The Asymptotic Leap
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The Asymptotic Leap
Technology and the experience of what it means to be human are evolving at an exponential rate, entering the steep of an asymptotic curve. If we don't destroy ourselves first, it is likely in a few decades we may not even recognize ourselves as what we are today. Hang on, we're embarking on one helluva ride and the outcome is a real nail biter.
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Memetics, the Cultural Singularity is Now! - Transhumanity.net

Memetics, the Cultural Singularity is Now! - Transhumanity.net | The Asymptotic Leap | Scoop.it

Are internet memes ushering us towards a cultural singularity, much like computers are ushering us towards a technological singularity?

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Retina implant allows patients to read ordinary text as braille

Retina implant allows patients to read ordinary text as braille | The Asymptotic Leap | Scoop.it
Retina prostheses have been in development for quite some time, but users often still find street signs and other text difficult to read. Using the Argus II retinal prosthesis system — which...
The Asymptotic Leap's insight:

Amazing to consider that within just a few years, blindness and deafness may become thing of the past...and we may see and hear better than we can imagine.

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OVERVIEW -- The video: 40th anniversary of the famous blue marble photo take of Earth from space.

A short film documenting astronauts’ life-changing stories of seeing the Earth from the outside – a perspective-altering experience often described as the Overview Effect. The Overview Effect, first described by author Frank White in 1987, is an experience that transforms astronauts’ perspective of the planet and mankind’s place upon it.

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How Eye Tracking Could Revolutionize Interaction Design

How Eye Tracking Could Revolutionize Interaction Design | The Asymptotic Leap | Scoop.it
What if you could move a cursor on your TV with just your eyes? Or turn the page of an ebook without using your hands? These are the promises of PredictGaze, what’s basically (and somewhat allegedly) a series of ingenious algorithms by a team of garage engineers. PredictGaze can work with the lousy webcam in your smartphone, tablet, or laptop, and even in low-light conditions, track your eyes and identify your face to enable all sorts of futuristic controls.

Via Ashish Umre
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An Infographic Shows How The World Might Actually End

An Infographic Shows How The World Might Actually End | The Asymptotic Leap | Scoop.it

Mayan apocalypses aside, there are lots of ways we could screw this up and send humanity on a crash course to extinction. But don’t worry too much, we’re probably fine.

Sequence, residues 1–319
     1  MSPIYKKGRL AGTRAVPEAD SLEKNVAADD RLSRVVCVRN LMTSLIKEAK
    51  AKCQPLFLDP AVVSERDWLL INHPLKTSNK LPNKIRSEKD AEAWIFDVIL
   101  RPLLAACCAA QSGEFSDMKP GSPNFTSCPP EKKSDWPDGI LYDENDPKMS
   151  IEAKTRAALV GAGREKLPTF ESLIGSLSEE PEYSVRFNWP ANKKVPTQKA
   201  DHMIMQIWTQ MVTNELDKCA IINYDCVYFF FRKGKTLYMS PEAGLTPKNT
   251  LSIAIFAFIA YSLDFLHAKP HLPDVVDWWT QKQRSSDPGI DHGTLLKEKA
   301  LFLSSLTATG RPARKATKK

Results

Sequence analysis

The Asymptotic Leap's insight:

"We'll probably be fine." Hmmm, as long as human evolution wins the race up the asymptote, that is.

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Red Pill, Blue Pill: Is the Universe Just a Giant Computer Simulation? | TIME.com

Red Pill, Blue Pill: Is the Universe Just a Giant Computer Simulation? | TIME.com | The Asymptotic Leap | Scoop.it
Are we just a bunch of simulacrums living in a massively computer-generated universe? If so, would there be a way to check? Does the possibility that the universe is structured like an extremely complex network — that our brains and the things we create with them, like the Internet, may resemble the universe’s underlying structure — also imply that we exist in an incomprehensibly sophisticated computer-like simulation?

Read more: http://techland.time.com/2012/12/13/red-pill-blue-pill-is-the-universe-just-a-giant-computer-simulation/#ixzz2FSJAz4py
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Dreaming Awake At The End Of Time

http://alchemicalarchives.blogspot.co.uk/ Dreaming Awake At The End Of Time San Francisco, December 13, 1998 Join Terence McKenna, author, explorer and philo...
The Asymptotic Leap's insight:

Could it be that a comprehensive summation of the workings cosmology and consciousness could be elucidated in two hours? Just leave it to Terence. In addition, he speaks about 2012 and the dizzying asymptotic unfolding of evolution (starting at 1:34:12).

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The Global Brain and the Prescience of Terence McKenna - April 1983

"...there is a level of hierarchical control that is being exerted by the human species as a whole. That the destiny of man as a whole is not in the hands of governments and corporations...it is in the hands of a weirdly democratic, amoeboid-like, hyper intelligent super organism which is called everybody. And as we come to terms with this, as we take our place embedded in the body of everybody and information flows more freely, the reality of this informational creature is seen more clearly, it’s an organism, we are having a symbiotic relationship with an organism made of information."

 

(this section starts at 34:25)

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Leaping Into the Gesture Control Era

Leaping Into the Gesture Control Era | The Asymptotic Leap | Scoop.it

Technology that accurately tracks finger motions could revolutionize desktop and mobile computing.

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The Six Epochs Of Technological Evolution - It's got "Asymptote" written all over it.

The Six Epochs Of Technological Evolution - It's got "Asymptote" written all over it. | The Asymptotic Leap | Scoop.it

For his latest video short, Jason Silva maps out Ray Kurzweil's Six Epochs of Evolution showing the exponential progression in the way the universe stores and processes information.

 

Tracking our progress in the technological evolutionary journey, in books such as The Singularity Is Near, Kurzweil has identifies six epochs, each of which is characterized by a major paradigm shift. For Kurzweil, the Singularity will begin with Epoch Five and will spread from Earth to the rest of the universe in Epoch Six, which he claims is our ultimate destiny.